Pine Bluffs Post - Serving all of Eastern Laramie County since 1908

Asparagus - First to Harvest


Courtesy of Mike Heath

Mike Heath rinses freshly harvested asparagus.

I heard a story last week that made me laugh and reminisce on my early days married to Linda. A friend was telling me about a man, a jogger, who was observed jogging along a particular path every few days but would turn off the path at a certain point. He'd be gone for a few minutes then he would reappear with some plants in his hand then would start jogging again. He was always watching to see if he had been observed. The person relating the original story thought it was suspicious and believed the jogger was growing marijuana and stopped to check his plants. Turns out, the jogger had found a patch of wild asparagus and was trying to keep it secret so no one else would be cutting those delicious plants. He wanted to save them for himself. Asparagus does grow wild in several parts of Wyoming, sometimes right along a road. Linda and I used to cut wild asparagus whenever we went to visit her sister in Sundance. Tasty.

Asparagus is a very prolific plant once it matures and can be harvested every couple of days for almost two months. It's hardy and doesn't require a lot of effort once it's established, except for weeding and watering. Just like every other vegetable. Every year, I have the best of intentions to clean out my asparagus beds of the old foliage before the spears start coming up. I leave the dead stalks through the winter to help catch snow. This year I knew I was going to be on time when I went out to clean the beds. Not hardly. I already had a harvest ready. Asparagus is usually the vegetable that is first in line for harvest. Unfortunately, this year, that last major cold snap got the bulk of the first spears that came up. I got just enough for a single serving on that first cutting.

This tasty plant is a perennial which means that it will come back year after year for an easy and delicious harvest. The plants have been known to last 20 years or more. Selecting the variety is pretty easy. For the most part, any variety with the word "Jersey" in the name will produce a bulk of male stalks. Male stalks are larger, often as big around as your thumb, and are more prolific. Female stalks expend most of their energy producing the berries and seeds, so they are much thinner and there are fewer of them. Other varieties produce a greater number of female stalks. The flavor is still very good, there is simply less vegetable to harvest.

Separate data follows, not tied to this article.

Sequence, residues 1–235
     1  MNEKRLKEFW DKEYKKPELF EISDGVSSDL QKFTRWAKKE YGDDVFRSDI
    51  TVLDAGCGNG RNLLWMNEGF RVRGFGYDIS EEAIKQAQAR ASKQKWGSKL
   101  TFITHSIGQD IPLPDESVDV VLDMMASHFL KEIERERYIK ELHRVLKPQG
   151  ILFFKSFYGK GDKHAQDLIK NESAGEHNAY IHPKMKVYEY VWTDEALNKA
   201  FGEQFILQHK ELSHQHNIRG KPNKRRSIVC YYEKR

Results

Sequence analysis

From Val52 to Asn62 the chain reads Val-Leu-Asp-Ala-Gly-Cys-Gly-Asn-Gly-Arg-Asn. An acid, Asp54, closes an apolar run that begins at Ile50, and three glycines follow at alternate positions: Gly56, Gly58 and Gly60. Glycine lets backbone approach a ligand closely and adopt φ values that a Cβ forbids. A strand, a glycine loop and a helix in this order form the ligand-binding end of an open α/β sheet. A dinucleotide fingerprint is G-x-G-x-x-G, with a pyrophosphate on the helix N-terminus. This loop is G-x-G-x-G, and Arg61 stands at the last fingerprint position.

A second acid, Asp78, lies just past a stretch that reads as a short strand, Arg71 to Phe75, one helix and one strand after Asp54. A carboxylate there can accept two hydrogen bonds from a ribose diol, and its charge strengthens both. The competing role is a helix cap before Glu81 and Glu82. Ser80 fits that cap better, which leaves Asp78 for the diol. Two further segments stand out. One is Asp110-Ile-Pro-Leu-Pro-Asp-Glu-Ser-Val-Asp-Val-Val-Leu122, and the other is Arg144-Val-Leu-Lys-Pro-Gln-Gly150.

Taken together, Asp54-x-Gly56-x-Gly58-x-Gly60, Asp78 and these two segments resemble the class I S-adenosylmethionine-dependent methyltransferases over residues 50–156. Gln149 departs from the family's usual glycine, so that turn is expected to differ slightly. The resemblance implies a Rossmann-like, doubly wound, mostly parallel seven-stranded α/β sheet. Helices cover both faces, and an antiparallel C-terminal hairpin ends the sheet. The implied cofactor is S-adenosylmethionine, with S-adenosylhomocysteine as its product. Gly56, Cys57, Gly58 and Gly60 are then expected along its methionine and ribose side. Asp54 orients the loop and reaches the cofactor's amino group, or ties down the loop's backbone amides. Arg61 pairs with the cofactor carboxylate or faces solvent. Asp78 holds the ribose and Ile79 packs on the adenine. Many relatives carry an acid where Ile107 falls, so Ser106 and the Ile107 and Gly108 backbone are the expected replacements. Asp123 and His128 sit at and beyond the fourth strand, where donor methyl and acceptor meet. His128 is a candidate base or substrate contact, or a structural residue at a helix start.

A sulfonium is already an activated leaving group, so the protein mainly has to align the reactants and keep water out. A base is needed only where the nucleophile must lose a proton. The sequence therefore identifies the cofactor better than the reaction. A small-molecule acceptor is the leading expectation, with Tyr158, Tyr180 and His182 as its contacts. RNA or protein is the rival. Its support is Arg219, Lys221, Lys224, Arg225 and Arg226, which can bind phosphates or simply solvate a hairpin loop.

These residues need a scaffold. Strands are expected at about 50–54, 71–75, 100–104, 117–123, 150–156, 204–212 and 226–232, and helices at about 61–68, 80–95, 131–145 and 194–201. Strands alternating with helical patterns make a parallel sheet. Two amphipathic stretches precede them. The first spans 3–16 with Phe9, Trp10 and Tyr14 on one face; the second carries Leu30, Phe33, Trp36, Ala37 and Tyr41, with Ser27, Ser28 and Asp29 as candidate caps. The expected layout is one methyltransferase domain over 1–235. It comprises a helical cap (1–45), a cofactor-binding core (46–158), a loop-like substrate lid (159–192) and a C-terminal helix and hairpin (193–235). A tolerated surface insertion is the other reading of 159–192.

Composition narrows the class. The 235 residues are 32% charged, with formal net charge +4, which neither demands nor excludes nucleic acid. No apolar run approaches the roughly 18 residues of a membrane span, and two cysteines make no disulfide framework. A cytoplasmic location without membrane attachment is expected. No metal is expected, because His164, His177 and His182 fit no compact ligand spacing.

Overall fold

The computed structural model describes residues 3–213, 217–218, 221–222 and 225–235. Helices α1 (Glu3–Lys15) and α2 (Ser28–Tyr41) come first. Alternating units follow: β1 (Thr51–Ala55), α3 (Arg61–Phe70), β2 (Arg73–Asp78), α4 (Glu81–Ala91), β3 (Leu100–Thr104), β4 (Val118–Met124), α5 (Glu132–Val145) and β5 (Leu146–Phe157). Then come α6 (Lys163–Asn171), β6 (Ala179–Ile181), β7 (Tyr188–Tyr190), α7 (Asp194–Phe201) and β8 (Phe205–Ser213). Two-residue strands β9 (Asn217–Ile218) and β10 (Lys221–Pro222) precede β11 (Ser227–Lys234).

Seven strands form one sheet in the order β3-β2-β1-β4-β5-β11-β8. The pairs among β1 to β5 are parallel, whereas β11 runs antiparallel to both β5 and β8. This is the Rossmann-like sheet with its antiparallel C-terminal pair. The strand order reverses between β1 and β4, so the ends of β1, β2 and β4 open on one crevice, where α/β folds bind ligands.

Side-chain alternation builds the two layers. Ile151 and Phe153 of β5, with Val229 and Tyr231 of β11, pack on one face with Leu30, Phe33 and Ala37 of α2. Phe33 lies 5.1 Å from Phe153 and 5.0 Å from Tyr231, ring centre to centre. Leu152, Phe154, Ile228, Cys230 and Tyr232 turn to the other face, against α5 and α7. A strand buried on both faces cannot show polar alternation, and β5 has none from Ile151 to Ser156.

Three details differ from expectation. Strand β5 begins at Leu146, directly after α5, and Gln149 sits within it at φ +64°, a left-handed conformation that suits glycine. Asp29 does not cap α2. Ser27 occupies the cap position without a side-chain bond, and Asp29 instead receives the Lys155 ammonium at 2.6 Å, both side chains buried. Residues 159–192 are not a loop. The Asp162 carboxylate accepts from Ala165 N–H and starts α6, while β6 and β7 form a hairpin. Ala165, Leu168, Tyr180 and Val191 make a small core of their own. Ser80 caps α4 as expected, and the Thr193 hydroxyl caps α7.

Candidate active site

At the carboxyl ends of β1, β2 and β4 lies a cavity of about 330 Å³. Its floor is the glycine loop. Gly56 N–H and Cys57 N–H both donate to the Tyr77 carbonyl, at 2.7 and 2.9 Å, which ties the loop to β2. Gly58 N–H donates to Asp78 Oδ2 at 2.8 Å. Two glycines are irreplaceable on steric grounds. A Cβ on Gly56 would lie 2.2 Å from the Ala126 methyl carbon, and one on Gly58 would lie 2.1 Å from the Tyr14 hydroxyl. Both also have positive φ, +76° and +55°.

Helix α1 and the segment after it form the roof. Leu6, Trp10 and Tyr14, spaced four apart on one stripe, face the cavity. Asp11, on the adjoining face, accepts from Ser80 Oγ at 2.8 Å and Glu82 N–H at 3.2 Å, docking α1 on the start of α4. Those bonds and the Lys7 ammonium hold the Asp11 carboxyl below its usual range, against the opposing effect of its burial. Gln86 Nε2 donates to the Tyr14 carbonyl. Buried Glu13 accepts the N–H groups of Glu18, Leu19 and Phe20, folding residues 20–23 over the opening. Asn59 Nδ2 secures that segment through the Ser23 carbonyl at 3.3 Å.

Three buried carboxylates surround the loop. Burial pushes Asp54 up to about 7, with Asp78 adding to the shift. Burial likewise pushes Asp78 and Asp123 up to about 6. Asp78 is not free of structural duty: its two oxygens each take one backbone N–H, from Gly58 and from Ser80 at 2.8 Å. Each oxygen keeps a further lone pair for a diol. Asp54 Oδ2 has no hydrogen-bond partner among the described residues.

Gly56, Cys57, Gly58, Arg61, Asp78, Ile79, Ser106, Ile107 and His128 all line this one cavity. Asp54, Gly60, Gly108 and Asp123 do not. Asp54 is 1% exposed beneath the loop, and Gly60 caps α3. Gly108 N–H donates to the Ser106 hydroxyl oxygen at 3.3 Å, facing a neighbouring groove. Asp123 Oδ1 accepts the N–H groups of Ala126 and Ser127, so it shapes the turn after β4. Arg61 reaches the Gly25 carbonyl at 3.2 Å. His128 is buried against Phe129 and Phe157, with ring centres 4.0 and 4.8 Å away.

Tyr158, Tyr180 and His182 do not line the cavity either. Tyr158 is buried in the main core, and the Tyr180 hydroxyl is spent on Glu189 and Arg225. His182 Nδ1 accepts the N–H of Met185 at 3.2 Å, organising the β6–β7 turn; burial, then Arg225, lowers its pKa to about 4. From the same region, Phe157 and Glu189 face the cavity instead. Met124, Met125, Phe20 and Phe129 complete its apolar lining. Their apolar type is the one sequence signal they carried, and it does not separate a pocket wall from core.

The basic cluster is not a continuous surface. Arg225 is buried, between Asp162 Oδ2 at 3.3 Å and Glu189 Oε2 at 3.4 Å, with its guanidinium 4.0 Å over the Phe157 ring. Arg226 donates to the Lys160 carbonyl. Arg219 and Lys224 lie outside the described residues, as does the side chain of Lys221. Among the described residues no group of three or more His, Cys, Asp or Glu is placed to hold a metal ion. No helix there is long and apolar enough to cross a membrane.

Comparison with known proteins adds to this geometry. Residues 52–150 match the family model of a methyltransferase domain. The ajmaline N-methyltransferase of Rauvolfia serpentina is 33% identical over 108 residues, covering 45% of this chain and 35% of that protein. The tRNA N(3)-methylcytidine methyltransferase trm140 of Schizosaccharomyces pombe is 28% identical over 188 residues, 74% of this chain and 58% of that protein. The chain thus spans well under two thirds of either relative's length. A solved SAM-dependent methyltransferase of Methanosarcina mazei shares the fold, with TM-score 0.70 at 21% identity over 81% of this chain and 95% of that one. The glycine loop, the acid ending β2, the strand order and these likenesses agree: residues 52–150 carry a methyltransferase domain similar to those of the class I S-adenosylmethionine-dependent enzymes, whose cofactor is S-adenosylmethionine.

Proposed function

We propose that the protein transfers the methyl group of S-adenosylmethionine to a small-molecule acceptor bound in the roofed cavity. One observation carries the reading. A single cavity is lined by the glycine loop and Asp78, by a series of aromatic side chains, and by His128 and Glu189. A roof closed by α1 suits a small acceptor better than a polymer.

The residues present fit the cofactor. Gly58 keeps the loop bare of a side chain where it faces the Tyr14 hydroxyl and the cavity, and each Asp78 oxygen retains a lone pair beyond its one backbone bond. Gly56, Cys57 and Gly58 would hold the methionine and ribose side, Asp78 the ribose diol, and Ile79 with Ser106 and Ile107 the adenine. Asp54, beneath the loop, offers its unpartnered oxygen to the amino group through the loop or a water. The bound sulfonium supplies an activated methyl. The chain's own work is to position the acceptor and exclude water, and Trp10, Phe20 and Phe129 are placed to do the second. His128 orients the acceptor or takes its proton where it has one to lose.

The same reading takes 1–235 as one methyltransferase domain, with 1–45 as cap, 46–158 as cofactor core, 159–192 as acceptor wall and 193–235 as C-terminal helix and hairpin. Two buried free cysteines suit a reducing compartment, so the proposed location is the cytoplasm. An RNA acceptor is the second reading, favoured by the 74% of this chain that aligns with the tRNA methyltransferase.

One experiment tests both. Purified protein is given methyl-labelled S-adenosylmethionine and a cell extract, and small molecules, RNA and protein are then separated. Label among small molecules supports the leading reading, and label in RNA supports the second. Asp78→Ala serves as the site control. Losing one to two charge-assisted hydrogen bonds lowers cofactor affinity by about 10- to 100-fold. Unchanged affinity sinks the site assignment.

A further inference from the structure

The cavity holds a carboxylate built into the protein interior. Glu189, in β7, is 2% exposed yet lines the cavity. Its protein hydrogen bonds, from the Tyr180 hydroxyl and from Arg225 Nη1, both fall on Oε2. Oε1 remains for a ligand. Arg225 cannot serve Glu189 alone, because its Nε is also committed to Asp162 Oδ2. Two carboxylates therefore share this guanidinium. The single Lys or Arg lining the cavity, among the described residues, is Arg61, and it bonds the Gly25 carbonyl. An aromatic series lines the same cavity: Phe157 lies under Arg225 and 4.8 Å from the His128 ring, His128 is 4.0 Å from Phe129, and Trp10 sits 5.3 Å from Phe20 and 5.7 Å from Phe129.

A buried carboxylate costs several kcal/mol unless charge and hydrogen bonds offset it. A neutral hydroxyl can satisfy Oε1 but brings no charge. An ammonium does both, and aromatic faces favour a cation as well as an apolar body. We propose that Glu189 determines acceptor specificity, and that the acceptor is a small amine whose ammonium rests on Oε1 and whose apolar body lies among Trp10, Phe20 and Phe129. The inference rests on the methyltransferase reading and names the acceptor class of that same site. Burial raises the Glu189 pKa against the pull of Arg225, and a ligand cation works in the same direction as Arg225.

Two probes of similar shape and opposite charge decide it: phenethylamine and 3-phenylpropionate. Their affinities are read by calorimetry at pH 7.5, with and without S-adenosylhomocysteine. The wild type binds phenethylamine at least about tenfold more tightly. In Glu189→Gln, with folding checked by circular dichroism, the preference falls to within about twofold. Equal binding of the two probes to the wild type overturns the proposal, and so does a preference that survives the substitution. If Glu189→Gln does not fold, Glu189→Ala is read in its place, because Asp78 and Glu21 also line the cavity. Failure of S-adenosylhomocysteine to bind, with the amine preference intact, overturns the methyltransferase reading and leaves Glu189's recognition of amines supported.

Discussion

Planting asparagus is easy, but a little time consuming. Crowns, 1-year old plants, are what is normally planted. Choose a reputable nursery when purchasing your crowns. Before they arrive, have your rows ready so you can plant right away. Choose a sunny spot with good drainage. Dig a trench 6-8 inches deep and about 12-18 inches wide. Set the soil aside to use later. Loosen the soil at the bottom for another 3-4 inches and mix in a good compost and leave it in the bottom. Make sure the trench remains 6-8 inches deep. Set the crowns about 12-18 inches apart and cover with just enough soil/compost mix to cover the crown. Water then make sure that none of the crown is exposed after watering. This should leave about 4 inches of trench open. When the plants are up about an inch, cover them with about 2 inches of the soil/compost mix. Continue this process until the ground is level in your bed then mound the soil slightly over the plants to keep water from pooling around the crowns. Drainage is a good thing. Then let the plants grow. Water as often as needed to keep the ground moist, but not soggy. Don't harvest anything the first year. The plants need this time to grow their roots and establish themselves in the bed. Keep the weeds out to eliminate competition for nutrients and water. After the stalks turn brown in the fall, you can cut them back to ground level to clean out the bed. Unless you're using them to hold snow. Adding about 2 inches of mulch will help keep the weeds down and will keep your harvest cleaner.